Analyses of corallimorpharian transcriptomes provide new perspectives on the evolution of calcification in the Scleractinia (corals)

Lin, Mei-Fang, Moya, Aurelie, Ying, Hua, Chen, Chaolun Allen, Cooke, Ira, Ball, Eldon E., Forȇt, Sylvain, and Miller, David J. (2017) Analyses of corallimorpharian transcriptomes provide new perspectives on the evolution of calcification in the Scleractinia (corals). Genome Biology and Evolution, 9 (1). pp. 150-160.

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Abstract

Corallimorpharians (coral-like anemones) have a close phylogenetic relationship with scleractinians (hard corals) and can potentially provide novel perspectives on the evolution of biomineralization within the anthozoan subclass Hexacorallia. A survey of the transcriptomes of three representative corallimorpharians led to the identification of homologs of some skeletal organic matrix proteins (SOMPs) previously considered to be restricted to corals.

Carbonic anhydrases (CAs), which are ubiquitous proteins involved in CO2 trafficking, are involved in both coral calcification and photosynthesis by endosymbiotic Symbiodinium (zooxanthellae). These multiple roles are assumed to place increased demands on the CA repertoire and have presumably driven the elaboration of the complex CA repertoires typical of corals (note that "corals" are defined here as reef-building Scleractinia). Comparison of the CA inventories of corallimorpharians with those of corals reveals that corals have specifically expanded the secreted and membrane-associated type CAs, whereas similar complexity is observed in the two groups with respect to other CA types.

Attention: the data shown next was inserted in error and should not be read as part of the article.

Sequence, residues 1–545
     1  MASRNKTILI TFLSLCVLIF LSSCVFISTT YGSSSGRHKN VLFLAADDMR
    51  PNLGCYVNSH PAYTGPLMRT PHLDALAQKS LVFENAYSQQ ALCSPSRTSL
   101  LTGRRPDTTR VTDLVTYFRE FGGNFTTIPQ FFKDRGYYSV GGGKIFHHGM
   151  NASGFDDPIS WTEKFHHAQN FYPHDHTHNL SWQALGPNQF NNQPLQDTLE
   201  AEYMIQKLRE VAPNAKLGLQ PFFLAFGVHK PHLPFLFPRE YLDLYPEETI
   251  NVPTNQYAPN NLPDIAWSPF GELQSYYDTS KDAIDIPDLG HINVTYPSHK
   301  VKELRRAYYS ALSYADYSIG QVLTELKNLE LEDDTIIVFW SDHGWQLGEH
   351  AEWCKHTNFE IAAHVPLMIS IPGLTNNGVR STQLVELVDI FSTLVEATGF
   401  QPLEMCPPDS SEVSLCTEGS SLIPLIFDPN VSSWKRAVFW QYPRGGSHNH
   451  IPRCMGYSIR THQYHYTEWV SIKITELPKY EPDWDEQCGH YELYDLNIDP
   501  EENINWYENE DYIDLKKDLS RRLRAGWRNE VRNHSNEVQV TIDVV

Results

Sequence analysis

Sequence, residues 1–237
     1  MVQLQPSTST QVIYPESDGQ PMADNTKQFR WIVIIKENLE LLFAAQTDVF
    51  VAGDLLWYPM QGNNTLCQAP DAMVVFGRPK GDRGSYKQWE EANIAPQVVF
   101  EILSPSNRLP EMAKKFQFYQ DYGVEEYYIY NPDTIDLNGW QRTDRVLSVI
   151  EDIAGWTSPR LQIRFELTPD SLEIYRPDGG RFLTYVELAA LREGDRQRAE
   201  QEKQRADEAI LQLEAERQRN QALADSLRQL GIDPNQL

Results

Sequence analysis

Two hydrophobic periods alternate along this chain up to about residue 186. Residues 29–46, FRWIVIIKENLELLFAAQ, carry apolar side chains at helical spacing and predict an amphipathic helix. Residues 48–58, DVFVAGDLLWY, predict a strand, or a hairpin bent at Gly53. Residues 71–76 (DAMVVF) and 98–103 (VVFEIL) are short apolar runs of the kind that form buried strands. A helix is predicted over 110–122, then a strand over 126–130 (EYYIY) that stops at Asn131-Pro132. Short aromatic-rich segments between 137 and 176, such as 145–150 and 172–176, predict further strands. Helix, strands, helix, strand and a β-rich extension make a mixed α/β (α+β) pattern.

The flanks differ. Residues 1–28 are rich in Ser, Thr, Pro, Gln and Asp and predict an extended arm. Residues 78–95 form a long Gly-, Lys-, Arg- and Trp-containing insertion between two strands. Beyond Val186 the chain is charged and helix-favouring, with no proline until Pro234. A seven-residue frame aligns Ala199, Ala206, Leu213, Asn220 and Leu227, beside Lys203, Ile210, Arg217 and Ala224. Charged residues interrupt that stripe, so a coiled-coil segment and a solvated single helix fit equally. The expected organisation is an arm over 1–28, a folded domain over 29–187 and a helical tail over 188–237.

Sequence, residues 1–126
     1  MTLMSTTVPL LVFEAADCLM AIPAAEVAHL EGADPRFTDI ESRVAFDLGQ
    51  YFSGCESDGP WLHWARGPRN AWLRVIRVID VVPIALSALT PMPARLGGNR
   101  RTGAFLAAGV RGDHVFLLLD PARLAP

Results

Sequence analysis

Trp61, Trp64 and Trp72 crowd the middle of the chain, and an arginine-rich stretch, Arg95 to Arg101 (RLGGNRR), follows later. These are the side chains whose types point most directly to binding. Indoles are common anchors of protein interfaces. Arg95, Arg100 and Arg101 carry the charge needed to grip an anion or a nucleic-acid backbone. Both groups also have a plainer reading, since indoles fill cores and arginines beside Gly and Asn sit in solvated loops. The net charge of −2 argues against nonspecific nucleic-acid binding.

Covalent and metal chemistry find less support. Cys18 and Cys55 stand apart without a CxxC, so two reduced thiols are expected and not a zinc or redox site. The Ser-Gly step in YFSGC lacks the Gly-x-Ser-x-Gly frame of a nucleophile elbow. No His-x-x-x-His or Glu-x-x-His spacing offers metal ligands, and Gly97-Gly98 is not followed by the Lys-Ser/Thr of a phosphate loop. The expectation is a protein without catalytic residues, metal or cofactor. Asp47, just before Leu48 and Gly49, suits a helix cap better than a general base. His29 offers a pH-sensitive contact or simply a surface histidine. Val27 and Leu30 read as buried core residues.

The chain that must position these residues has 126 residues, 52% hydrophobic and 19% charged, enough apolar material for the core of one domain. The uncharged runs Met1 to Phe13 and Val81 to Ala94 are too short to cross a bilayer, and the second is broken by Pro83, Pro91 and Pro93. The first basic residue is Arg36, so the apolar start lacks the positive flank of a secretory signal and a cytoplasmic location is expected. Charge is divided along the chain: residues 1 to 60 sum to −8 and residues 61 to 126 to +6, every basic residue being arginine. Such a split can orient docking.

Comparison of the CA complement of the nonsymbiotic corallimorph Corynactis australis with that of Ricordea yuma, a corallimorph which normally hosts Symbiodinium, reveals similar numbers and distribution of CA types and suggests that an expansion of the CA repertoire has been necessary to enable calcification but may not be a requirement to enable symbiosis. Consistent with this idea, preliminary analysis suggests that the CA complexity of zooxanthellate and nonzooxanthellate sea anemones is similar.

The comparisons above suggest that although there are relatively few new genes in the skeletal organic matrix of corals (which controls the skeleton deposition process), the evolution of calcification required an expanded repertoire of secreted and membrane- associated CAs.

Item ID: 47989
Item Type: Article (Refereed Research - C1)
Keywords: corallimorpharian, coral calcification, carbonic anhydrase, molecular evolution, skeletal organic matrix proteins
Additional Information:

This is an Open Access article distributed under the terms of the Creative Commons Attribution Non-Commercial License (http://creativecommons.org/licenses/by-nc/4.0/), which permits non-commercial re-use, distribution, and reproduction in any medium, provided the original work is properly cited. For commercial re-use, please contact journals.permissions@oup.com

ISSN: 1759-6653
Funders: ARC Centre of Excellence for Coral Reef Studies
Date Deposited: 31 Mar 2017 05:07
FoR Codes: 06 BIOLOGICAL SCIENCES > 0603 Evolutionary Biology > 060309 Phylogeny and Comparative Analysis @ 50%
06 BIOLOGICAL SCIENCES > 0601 Biochemistry and Cell Biology > 060102 Bioinformatics @ 50%
SEO Codes: 97 EXPANDING KNOWLEDGE > 970106 Expanding Knowledge in the Biological Sciences @ 100%
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